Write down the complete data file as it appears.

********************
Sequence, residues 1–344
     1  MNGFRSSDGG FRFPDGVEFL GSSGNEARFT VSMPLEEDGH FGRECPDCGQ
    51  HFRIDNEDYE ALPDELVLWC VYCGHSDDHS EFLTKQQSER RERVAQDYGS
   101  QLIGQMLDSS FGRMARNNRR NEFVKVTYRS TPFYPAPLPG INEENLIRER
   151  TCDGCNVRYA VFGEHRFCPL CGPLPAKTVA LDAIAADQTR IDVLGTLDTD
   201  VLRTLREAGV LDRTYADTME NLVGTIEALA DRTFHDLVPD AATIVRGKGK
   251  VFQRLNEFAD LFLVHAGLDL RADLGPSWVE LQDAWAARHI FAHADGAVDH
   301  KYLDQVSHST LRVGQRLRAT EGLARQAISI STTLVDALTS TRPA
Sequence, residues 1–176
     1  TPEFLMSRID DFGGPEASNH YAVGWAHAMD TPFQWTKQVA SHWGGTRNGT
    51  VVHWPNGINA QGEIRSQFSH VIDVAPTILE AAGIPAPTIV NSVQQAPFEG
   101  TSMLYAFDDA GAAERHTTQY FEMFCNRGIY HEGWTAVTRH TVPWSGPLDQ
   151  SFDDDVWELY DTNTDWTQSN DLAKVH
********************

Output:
Sequence, residues 1–344
     1  MNGFRSSDGG FRFPDGVEFL GSSGNEARFT VSMPLEEDGH FGRECPDCGQ
    51  HFRIDNEDYE ALPDELVLWC VYCGHSDDHS EFLTKQQSER RERVAQDYGS
   101  QLIGQMLDSS FGRMARNNRR NEFVKVTYRS TPFYPAPLPG INEENLIRER
   151  TCDGCNVRYA VFGEHRFCPL CGPLPAKTVA LDAIAADQTR IDVLGTLDTD
   201  VLRTLREAGV LDRTYADTME NLVGTIEALA DRTFHDLVPD AATIVRGKGK
   251  VFQRLNEFAD LFLVHAGLDL RADLGPSWVE LQDAWAARHI FAHADGAVDH
   301  KYLDQVSHST LRVGQRLRAT EGLARQAISI STTLVDALTS TRPA
Sequence, residues 1–176
     1  TPEFLMSRID DFGGPEASNH YAVGWAHAMD TPFQWTKQVA SHWGGTRNGT
    51  VVHWPNGINA QGEIRSQFSH VIDVAPTILE AAGIPAPTIV NSVQQAPFEG
   101  TSMLYAFDDA GAAERHTTQY FEMFCNRGIY HEGWTAVTRH TVPWSGPLDQ
   151  SFDDDVWELY DTNTDWTQSN DLAKVH